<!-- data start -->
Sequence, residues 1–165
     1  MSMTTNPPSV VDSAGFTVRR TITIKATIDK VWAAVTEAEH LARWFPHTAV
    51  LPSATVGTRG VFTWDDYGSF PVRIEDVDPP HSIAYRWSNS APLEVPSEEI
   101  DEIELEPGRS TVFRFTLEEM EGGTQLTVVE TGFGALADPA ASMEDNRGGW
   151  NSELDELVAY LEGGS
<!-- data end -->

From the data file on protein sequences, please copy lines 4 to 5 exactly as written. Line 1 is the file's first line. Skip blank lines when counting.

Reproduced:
   101  DEIELEPGRS TVFRFTLEEM EGGTQLTVVE TGFGALADPA ASMEDNRGGW
   151  NSELDELVAY LEGGS